On Tuesday, Uruguay’s House
of Representatives approved a bill that includes several measures to
ensure sexual and reproductive health, including legalizing abortion
up to the twelfth week of pregnancy. The bill, which Senate
approved in November 2007, now needs the President’s signature to
become law. However, President Tabaré Vasquez has said he will veto
the bill. With 63%
of the population
supporting decriminalization of abortion, abortion is likely to become
a political hot potato in the next few weeks.
Ratifying this vote would make
Uruguay the third Latin American country to nationally codify abortion
rights in a region that has moved towards making abortion safer in the
past decade. This trend is not unique to Latin America:
a recent study found that in a 22-year period, 36
countries have significantly liberalized their abortion laws. Upholding Tuesday’s House vote would send a strong message to governments
in Latin America, and throughout the world, that progress we’ve made
will be hard to unravel.
It would also send a message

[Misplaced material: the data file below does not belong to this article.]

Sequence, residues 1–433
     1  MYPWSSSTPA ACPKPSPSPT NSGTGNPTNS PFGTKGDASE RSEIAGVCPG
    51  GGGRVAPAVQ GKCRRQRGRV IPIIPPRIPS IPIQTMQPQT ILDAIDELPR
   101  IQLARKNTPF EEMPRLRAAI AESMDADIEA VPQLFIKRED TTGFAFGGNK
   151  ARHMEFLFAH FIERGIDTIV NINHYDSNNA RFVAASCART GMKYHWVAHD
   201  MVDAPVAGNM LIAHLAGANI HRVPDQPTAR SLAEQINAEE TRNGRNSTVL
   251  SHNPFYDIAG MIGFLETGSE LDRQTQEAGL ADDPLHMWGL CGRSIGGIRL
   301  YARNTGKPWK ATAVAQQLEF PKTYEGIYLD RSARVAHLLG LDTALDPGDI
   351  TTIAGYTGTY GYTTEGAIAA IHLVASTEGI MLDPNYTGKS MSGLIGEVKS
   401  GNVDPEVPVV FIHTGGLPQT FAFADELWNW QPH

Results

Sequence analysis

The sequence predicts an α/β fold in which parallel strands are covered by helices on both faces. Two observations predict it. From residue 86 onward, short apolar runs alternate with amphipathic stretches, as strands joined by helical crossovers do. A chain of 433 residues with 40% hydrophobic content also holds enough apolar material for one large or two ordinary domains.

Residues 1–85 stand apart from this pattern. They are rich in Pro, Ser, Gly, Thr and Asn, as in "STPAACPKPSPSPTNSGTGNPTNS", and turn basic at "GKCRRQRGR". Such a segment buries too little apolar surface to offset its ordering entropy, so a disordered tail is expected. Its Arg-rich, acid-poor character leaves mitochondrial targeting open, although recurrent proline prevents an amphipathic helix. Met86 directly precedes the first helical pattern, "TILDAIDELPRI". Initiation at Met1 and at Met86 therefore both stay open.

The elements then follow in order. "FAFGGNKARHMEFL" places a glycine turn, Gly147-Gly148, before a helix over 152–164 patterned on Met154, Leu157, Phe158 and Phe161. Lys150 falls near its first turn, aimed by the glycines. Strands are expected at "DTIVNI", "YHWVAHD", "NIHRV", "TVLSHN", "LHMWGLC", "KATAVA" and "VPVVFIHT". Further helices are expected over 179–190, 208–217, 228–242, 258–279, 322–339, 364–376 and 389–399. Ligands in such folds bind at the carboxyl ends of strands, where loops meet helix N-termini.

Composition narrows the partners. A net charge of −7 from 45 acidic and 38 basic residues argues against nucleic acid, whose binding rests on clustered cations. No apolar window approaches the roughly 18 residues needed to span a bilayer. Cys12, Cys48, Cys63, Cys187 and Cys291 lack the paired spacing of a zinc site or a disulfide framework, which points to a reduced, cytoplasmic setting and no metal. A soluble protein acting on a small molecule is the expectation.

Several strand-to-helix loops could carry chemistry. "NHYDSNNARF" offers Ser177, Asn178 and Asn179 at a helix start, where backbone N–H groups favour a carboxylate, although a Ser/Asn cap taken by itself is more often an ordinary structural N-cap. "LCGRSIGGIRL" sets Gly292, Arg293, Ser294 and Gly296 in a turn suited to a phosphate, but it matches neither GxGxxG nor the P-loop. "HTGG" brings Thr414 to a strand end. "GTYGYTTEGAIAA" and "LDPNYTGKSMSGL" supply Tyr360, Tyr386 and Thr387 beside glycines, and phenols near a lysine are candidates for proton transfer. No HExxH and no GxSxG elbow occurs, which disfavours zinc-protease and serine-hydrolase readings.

to the people of Uruguay that a woman’s health is important to the
health of a country. While President Vasquez’s administration has
focused on the poorest and most vulnerable populations, it does not
seem concerned with the risks related to unsafe abortion. If the President
vetoes the bill, he will ignore the thousands of women who risk their
lives by resorting to illegal and clandestine procedures. Apart from
being unfair, a veto would contradict Vasquez’s commitment to solving
pressing social problems.
Equally important, a Vazquez
veto means a veto for democratic ideals. If most of the population,
the House of Representatives, and the Senate fully endorse the bill,
should the President be entitled to veto it? A life-long champion for
democracy, Mr. Vasquez now shows little respect for the voice of the
majority of the population and its representatives.
Get the facts, direct to your inbox.
Want more Rewire.News? Get the facts, direct to your inbox.
Despite this gloomy scenario,
there is still hope. In Uruguay, a bill can only be vetoed if the President
and the Cabinet of Ministers agree, and we expect the Ministers to block
the veto. We are also hopeful that President Tabaré Vasquez will avoid
staining his respectable biography and approve the full text of the
sexual and reproductive health bill.
If this happens, Uruguay may
once again be a pioneer in the region.